Since November 2013, Ukraine has moved rapidly from protest to revolution to state collapse to foreign intervention. We can now ask seriously whether a new cold war is emerging, and what that might mean. However, Ukraine’s experience in 2014 is far from unique. Rather, it brings together a set of dynamics that we see emerging around the world, including the emergence of hybrid democratic-autocratic regimes, the diffusion of protest, the weakness of states, innovation in information warfare, and the erosion of traditional notions of war. Is this the future of world politics?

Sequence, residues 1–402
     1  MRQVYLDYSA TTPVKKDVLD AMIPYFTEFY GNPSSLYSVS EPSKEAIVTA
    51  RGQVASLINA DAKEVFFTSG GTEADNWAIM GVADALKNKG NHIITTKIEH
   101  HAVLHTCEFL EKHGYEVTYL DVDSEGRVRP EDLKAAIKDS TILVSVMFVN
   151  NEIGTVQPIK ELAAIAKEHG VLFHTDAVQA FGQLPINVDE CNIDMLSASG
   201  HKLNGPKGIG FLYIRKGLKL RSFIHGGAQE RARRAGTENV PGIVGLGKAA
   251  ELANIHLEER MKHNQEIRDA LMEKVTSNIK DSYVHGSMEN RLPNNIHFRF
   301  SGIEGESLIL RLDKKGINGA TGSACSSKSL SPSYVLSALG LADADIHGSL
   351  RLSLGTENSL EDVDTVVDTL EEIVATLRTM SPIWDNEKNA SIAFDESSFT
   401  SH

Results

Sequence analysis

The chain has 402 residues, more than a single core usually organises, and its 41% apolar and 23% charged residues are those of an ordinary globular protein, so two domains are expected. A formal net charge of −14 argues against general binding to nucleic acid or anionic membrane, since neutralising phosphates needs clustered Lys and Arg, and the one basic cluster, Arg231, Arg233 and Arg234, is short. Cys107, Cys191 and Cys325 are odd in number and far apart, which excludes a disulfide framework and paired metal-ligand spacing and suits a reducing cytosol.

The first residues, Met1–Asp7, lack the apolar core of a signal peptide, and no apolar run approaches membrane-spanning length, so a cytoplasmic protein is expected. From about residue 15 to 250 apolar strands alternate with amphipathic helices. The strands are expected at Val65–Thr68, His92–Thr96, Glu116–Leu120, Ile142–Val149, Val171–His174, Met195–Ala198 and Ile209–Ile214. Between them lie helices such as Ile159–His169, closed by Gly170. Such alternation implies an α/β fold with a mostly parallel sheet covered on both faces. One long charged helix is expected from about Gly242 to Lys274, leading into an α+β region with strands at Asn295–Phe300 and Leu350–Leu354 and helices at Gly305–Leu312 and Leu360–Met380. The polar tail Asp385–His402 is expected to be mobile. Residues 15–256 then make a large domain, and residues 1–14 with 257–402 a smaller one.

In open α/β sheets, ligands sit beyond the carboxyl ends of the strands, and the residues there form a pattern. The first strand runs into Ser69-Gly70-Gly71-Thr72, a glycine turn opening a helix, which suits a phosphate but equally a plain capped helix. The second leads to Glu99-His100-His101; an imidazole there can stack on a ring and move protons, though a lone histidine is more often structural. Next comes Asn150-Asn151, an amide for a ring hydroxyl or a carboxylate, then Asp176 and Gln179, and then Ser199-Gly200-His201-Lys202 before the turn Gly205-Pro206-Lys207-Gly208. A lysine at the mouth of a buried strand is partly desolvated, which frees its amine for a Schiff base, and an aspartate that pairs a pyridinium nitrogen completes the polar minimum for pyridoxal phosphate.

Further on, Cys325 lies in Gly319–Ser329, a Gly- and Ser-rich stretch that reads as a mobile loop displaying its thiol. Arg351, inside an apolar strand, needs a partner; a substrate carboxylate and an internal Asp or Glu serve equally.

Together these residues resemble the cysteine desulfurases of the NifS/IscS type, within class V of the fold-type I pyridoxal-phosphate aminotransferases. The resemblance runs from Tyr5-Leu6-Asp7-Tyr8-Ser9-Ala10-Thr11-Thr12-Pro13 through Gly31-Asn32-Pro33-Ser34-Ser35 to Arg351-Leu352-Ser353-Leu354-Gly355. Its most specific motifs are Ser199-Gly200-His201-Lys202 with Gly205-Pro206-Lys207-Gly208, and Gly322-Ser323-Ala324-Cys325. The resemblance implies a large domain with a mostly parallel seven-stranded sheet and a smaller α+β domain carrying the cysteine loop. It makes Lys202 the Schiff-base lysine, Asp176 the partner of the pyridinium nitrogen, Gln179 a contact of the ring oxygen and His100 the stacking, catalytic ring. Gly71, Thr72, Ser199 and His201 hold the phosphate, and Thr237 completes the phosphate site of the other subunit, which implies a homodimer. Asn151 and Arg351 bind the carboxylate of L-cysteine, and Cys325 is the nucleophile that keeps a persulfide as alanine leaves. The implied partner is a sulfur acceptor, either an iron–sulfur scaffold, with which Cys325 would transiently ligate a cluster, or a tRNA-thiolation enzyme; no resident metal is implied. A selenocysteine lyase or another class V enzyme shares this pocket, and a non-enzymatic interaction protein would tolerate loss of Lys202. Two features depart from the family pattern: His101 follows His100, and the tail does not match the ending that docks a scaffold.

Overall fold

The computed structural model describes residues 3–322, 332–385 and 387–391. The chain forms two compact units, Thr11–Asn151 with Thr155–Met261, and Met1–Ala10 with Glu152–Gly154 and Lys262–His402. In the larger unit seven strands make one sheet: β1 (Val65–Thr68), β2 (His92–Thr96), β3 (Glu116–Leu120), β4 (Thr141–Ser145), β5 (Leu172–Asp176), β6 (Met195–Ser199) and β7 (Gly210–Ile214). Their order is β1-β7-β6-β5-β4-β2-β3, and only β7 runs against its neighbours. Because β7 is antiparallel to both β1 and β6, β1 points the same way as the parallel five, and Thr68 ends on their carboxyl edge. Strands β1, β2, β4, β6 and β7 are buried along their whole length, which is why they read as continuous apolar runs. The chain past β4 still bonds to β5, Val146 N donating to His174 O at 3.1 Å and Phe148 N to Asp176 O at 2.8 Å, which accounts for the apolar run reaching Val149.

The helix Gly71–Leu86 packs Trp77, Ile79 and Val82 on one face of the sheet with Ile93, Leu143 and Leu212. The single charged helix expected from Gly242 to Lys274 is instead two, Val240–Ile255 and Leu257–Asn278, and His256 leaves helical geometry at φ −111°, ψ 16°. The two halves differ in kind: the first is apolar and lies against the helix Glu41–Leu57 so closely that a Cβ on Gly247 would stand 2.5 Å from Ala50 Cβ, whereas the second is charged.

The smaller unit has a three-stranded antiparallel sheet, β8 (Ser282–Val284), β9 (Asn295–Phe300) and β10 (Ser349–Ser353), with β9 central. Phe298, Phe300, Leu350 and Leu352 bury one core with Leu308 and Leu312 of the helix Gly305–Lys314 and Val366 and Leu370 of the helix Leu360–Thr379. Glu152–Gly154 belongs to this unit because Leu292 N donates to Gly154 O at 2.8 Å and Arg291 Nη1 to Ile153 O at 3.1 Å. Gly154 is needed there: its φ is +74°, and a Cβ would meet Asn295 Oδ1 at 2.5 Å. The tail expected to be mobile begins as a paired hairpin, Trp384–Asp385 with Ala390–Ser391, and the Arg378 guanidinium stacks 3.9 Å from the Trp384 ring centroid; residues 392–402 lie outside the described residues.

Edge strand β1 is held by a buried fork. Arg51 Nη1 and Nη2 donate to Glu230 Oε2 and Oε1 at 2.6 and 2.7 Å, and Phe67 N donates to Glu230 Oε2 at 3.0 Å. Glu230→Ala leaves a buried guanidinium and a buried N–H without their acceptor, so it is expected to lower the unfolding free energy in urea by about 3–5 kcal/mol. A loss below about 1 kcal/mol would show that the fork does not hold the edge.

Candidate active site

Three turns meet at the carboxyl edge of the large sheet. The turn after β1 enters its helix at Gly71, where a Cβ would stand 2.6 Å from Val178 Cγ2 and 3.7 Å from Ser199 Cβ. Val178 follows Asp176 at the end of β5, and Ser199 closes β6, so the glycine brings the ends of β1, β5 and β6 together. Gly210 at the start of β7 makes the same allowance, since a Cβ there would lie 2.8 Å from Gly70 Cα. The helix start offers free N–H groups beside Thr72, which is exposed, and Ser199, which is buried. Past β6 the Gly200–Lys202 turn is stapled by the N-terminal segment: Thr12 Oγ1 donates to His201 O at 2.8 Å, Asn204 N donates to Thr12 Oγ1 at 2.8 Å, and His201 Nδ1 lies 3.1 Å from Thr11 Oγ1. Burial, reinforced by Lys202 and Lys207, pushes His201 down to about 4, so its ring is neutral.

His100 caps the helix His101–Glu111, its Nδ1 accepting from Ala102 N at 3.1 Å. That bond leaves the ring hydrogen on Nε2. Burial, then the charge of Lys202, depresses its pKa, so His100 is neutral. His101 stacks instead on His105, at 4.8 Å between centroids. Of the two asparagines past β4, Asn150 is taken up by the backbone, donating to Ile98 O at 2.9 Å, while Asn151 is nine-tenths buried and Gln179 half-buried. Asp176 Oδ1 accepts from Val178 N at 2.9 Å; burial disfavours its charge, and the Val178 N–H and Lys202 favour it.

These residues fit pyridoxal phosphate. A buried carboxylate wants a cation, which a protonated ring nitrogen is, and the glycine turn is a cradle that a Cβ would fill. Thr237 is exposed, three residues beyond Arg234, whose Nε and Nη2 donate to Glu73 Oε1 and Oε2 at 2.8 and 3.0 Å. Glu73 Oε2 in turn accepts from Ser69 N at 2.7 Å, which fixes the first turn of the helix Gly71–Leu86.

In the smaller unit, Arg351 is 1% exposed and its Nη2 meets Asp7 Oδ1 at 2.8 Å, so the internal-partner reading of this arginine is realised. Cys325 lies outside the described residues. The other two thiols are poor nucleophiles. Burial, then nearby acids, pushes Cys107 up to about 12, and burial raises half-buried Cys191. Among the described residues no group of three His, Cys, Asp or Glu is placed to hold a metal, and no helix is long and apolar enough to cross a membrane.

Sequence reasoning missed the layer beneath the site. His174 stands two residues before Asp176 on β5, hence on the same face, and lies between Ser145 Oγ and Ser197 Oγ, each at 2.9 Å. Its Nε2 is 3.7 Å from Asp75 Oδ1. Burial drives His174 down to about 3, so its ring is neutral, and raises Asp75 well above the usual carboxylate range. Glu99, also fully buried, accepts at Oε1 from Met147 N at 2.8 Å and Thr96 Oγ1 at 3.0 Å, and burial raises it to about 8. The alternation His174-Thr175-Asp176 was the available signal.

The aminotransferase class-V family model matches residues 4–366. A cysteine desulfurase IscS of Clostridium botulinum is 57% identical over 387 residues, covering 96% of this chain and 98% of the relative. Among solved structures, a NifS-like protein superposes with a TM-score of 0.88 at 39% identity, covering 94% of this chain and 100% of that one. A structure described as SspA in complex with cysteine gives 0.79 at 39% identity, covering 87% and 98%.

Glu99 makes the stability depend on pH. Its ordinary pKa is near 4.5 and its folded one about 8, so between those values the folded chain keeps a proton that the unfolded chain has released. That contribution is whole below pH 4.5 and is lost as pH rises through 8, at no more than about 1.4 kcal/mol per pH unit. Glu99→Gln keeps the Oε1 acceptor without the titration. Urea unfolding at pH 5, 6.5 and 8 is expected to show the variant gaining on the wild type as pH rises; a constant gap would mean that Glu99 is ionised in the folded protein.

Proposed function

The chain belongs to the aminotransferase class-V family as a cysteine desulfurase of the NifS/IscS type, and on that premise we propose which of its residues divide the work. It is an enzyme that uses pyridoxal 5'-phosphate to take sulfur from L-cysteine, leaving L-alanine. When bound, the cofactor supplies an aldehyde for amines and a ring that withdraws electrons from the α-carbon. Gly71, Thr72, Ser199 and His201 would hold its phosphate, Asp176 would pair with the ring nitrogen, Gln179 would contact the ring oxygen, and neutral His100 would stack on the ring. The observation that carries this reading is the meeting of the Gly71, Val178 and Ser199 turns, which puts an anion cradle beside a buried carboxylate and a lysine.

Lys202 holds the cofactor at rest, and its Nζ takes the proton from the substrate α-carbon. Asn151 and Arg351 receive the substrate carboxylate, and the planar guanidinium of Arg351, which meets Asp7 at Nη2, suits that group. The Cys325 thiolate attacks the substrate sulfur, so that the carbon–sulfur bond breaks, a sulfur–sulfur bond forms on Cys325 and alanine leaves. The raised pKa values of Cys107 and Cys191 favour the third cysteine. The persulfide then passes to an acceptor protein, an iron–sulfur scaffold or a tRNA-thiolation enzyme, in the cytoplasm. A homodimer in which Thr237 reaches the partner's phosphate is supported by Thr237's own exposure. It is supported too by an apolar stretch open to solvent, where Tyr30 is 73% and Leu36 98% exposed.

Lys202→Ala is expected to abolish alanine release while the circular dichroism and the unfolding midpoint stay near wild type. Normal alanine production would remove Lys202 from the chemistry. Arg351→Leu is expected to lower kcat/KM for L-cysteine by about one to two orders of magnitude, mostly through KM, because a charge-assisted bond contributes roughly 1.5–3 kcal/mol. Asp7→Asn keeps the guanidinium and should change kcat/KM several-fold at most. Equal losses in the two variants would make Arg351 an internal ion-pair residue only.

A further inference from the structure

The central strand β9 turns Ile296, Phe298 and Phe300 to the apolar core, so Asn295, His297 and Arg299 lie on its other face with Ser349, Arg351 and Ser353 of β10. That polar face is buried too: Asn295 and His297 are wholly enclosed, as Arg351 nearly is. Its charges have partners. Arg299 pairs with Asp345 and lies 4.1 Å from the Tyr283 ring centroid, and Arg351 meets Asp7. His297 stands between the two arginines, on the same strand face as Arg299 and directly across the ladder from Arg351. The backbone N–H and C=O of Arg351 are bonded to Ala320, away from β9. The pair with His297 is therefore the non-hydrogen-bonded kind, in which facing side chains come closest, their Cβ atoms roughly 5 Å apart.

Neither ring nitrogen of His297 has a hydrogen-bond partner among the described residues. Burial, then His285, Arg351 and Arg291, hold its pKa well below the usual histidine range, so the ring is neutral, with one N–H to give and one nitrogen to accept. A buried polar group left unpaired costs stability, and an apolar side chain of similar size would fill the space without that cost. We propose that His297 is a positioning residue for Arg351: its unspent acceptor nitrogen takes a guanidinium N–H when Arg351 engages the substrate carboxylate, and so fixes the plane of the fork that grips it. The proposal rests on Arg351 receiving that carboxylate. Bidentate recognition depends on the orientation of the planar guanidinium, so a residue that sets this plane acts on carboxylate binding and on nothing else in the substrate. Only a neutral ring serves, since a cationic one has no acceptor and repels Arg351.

A political scientist, D’Anieri's expertise is in Eastern European and post-Soviet affairs, with an emphasis on the international and domestic politics of the Soviet Union. His textbook, International Politics: Power and Purpose in Global Affairs, is in its third edition [Thomson Wadsworth] and has been called the first truly student-oriented text in the field. He also provided commentary about the current political crisis between Ukraine and Russia. D'Anieri came to UCR from the University of Florida, where he had served as dean of the College of Liberal Arts and Sciences since 2008. In that post, D’Anieri headed the largest academic unit of the university, with more than 600 faculty members responsible for teaching the majority of the university’s core curriculum to at least 35,000 students each year. 

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